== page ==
Fortunately for tourism, the charm of Miao and Tujia traditional songs and dances seems to have thus far escaped from being discarded. At a recently built tourist attraction called Nu’er Cheng, or “City of Girls,” traditional dances are performed and visitors can drink plum wine in the Tujia manner known as shuaiwanjiu, or “breaking a bowl of wine.”

After finishing the wine, one smashes his or her empty bowl to the ground to express emotion and relieve stress. The cacophony of dozens of bowls being smashed amid drinking, eating and toasting create an entrancing sensation not easily forgotten.

While the ethnic people of the region are certainly a drawing card for visitors, so is the scenery.

Here are three popular sites, each about a two-hour drive from Enshi.

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Flying Dragon Cave is an amazing karst structure.

Flying Dragon Cave

Tenglong Dong, or Flying Dragon Cave, is an awesome karst structure. Its mouth is 74 meters high and 64 meters wide, and the cave penetrates some 50 kilometers into a mountain, ranking as the world’s seventh-longest cave and the longest within Asia.

To access the cave requires crossing a swift river that leads underground into the heart of the mountain.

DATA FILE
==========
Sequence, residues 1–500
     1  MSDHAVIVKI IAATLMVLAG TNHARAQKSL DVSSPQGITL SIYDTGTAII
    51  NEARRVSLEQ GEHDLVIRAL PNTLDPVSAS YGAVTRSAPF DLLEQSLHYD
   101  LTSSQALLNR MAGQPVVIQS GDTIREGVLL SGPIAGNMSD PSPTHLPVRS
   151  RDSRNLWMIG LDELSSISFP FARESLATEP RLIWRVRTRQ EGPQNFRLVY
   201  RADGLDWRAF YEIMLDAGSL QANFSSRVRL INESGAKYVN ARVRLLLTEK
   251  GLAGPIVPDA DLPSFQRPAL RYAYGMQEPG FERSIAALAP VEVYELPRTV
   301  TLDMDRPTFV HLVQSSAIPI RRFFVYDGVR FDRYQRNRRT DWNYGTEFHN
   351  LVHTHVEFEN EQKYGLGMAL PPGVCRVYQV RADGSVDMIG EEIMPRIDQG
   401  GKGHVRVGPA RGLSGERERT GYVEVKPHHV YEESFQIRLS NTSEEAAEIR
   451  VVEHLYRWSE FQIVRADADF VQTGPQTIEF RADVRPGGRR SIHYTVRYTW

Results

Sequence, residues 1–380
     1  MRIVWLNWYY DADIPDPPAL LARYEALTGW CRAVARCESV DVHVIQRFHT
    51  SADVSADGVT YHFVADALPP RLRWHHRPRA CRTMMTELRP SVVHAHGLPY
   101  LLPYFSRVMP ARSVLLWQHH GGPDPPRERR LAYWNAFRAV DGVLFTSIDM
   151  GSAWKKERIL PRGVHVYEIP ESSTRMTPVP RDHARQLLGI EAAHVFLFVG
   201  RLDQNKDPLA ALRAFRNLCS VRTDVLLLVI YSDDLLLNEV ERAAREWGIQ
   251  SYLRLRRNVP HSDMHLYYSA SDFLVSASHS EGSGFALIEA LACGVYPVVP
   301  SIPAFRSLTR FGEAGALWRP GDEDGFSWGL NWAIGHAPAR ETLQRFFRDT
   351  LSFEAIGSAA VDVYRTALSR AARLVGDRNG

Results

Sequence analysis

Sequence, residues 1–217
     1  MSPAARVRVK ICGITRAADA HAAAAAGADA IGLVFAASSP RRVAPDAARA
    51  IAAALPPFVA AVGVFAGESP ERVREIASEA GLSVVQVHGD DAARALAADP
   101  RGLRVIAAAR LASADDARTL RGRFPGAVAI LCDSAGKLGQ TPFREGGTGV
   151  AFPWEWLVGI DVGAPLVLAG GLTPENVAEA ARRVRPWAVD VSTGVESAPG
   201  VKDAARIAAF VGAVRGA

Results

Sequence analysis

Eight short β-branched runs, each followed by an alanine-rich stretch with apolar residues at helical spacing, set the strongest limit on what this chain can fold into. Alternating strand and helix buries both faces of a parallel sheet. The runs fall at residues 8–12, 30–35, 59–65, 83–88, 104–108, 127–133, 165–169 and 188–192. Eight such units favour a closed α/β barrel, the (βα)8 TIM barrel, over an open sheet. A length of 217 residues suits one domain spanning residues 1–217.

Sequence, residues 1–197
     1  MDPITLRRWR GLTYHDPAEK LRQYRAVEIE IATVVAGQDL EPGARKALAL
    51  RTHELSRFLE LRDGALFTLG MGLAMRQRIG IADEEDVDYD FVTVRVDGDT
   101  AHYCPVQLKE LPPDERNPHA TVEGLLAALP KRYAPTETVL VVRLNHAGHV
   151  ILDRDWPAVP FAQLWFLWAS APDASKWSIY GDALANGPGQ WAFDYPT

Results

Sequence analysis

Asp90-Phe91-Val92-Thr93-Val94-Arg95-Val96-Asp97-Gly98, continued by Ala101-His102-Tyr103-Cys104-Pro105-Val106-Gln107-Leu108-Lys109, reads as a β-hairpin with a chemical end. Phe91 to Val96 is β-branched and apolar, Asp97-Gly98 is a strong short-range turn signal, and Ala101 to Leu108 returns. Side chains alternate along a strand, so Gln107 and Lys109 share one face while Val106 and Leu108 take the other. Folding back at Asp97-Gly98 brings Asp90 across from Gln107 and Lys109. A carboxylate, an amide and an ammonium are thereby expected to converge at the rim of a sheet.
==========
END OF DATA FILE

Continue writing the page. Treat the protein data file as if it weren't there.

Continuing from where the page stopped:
Ancient people believed that monsters dwelled in its darkness, inspiring local legends and an aura of spirituality. Traditional Tujia and Miao songs and dances are performed in the cave.

Grand canyon

Enshi Grand Canyon provides spectacular views, unless you are unlucky enough to visit on a foggy day.

Often compared to the Grand Canyon in the United States, this 108-kilometer-long canyon is stunning. Its steep cliff faces and the infamously erect yizhuxiang, or “stick of incense,” stands just under 150 meters high at less than 4 meters in diameter at certain points.

Peak and gorges

The Yellow Crane Peak towers over the Wild Three Gorges, offering an exceptional view of the Qingjiang River and surrounding mountains and countryside.

A 20-minute drive down the mountain to the river wends through multiple small valleys in which farmers’ houses and their crops permeate throughout what little level ground exists. It is easy to imagine how different dialects could develop in each separate valley.

I was traveling here in October when harvested maize was piled in the open air to dry. The landscape was dotted with ancestral tombs among both maize stocks and grapes vines.

On the shore of the Qingjiang River, a ferry tour service is available for a 90-minute trip to the waterfalls.

The towering walls and falls of the Qingjing River Canyon must have enchanted and captured journeymen’s admiration over thousands of years.These kinds of enchantment continue to enthrall those who live alongside the mountains and who come for their beauty.

If you go:

It takes about three hours by air from Shanghai to Enshi. High-speed train between the two places costs about nine and a half hours.

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A waterfall in the Wild Three Gorges